In October 2013, Disney announced the end of its long-standing Guest Assistance Card (GAC) program for visitors with disabilities. The announcement came on the heels of an expose that showed that some GAC holders were actually selling tour guide services that allowed non-disabled people to exploit the GAC privileges. However, many in the Disney fan community believe that the program was already doomed, a victim of the new FastPass Plus system and the sheer number of legitimately disabled visitors with GACs.
Regardless of the actual reasons behind the change, only a few days after the announcement, GAC was out and DAS was in. The Disability Access Service program replaced the multi-tiered GAC approach with a single accommodation for all. Many who qualified for GACs no longer qualified for DAS, and the new program simply did not work for some. Nonetheless, it does combat abuse by placing the disabled person’s photo on every DAS card.
My dad, an annual passholder, had a GAC that allowed him to use FastPass entrances. Now, like every other DAS holder, he must approach each attraction to get a return time that equals the standby wait minus 10 minutes. Although it is more cumbersome, he is able to make the new program work. The key is to utilize advance planning and multiple tools to minimize backtracking around the park. Here are 6 tips for maximizing your use of the DAS system.
1. Combine the DAS with FastPass Plus
The DAS is designed to work in conjunction with the FastPass Plus program. FastPass Plus allows you to pre-book FastPasses for up to three attractions per day, all in the same park. Once your three FastPasses are used, you are eligible to book additional FastPasses, one at a time, at the FastPass Plus kiosks scattered throughout the parks. You may book these later FastPasses in a different park as long as you are physically in that park at the time of booking.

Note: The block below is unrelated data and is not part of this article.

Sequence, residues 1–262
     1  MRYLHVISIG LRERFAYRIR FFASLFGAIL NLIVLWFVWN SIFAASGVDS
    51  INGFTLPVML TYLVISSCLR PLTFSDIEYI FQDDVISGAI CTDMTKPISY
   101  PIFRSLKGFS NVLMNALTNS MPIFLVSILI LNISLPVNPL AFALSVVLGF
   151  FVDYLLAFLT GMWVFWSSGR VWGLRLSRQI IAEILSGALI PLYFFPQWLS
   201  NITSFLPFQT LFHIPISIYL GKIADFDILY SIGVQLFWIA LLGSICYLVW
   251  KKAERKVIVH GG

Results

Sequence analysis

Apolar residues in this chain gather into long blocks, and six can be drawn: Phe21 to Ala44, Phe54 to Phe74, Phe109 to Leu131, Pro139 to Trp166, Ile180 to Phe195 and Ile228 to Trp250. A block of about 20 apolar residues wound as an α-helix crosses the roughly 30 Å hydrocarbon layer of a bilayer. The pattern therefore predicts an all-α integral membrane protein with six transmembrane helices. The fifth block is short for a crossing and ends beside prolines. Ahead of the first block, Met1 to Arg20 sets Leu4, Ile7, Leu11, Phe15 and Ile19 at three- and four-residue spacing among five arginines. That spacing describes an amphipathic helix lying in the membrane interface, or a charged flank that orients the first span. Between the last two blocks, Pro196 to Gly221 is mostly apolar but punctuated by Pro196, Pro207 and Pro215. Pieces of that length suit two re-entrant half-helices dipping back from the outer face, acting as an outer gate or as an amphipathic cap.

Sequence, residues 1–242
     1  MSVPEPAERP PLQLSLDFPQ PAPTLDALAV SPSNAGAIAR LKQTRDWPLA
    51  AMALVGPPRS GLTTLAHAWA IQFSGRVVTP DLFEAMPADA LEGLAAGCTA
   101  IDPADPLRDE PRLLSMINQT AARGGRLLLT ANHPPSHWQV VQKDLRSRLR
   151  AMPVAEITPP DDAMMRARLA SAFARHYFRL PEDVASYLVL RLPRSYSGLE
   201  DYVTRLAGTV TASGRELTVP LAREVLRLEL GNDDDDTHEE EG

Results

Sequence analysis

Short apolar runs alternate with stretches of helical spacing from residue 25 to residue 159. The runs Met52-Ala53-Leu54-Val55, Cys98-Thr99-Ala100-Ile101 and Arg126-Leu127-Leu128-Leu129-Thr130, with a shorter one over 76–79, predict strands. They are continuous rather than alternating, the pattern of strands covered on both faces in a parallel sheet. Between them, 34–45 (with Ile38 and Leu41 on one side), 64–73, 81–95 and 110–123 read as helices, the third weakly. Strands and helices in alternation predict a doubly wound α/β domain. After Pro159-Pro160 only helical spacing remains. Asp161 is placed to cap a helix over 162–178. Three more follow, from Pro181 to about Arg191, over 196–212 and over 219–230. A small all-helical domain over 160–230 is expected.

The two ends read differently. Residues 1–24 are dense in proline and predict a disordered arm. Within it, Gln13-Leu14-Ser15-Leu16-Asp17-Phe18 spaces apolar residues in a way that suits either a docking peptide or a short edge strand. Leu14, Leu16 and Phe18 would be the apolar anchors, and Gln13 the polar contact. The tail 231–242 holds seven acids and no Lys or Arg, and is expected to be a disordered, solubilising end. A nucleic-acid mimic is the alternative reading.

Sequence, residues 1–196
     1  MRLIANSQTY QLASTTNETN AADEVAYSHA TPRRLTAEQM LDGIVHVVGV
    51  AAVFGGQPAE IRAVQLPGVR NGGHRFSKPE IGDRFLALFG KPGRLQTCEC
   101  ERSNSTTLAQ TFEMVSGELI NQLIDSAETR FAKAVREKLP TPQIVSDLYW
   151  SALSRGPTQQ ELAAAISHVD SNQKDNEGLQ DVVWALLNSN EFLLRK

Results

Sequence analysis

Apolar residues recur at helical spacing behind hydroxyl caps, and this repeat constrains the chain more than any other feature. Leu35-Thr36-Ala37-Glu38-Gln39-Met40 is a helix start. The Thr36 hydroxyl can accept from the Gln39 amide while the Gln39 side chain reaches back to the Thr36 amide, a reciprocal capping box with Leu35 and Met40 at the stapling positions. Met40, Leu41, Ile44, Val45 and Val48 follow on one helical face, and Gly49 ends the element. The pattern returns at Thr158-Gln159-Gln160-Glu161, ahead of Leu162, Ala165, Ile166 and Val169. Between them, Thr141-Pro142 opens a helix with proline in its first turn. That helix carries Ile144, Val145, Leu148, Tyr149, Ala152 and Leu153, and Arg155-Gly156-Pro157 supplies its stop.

Using DAS in conjunction with FastPass Plus allows you to maximize your day. Book your FastPass Plus reservations for attractions that are a long way from anything else, such as Rock ‘n’ Roller Coaster, or for those that always have a long standby wait, such Toy Story Midway Mania. Some attractions are tiered, which means that your initial FastPass Plus selections cannot include multiple attractions in the same tier. Use your DAS at other tiered attractions or at those with mid-range standby wait times.
2. Send a runner for return times
The DAS card holder must be present for your group to experience an attraction. However, that person does not have to go to attractions to get return times. If you travel with an able-bodied adult or older teen, send that person to get each return time. That allows you to rest and make your way through the park in a circle, rather than expending the energy or power chair battery charge needed to visit each attraction twice.
3. Get your first return time immediately
Unlike FastPass Plus, DAS return times are open-ended. The time written on your card is the soonest you are eligible to return, but you may return at any time that day. Even if you have morning FastPasses stacked back-to-back, go ahead and get a return time when you enter the park. By the time your FastPasses are gone, you will be eligible to return to your DAS attraction. Keep in mind that you are only allowed to hold one DAS return time at once, so you must experience the attraction or cross out the return time before obtaining another.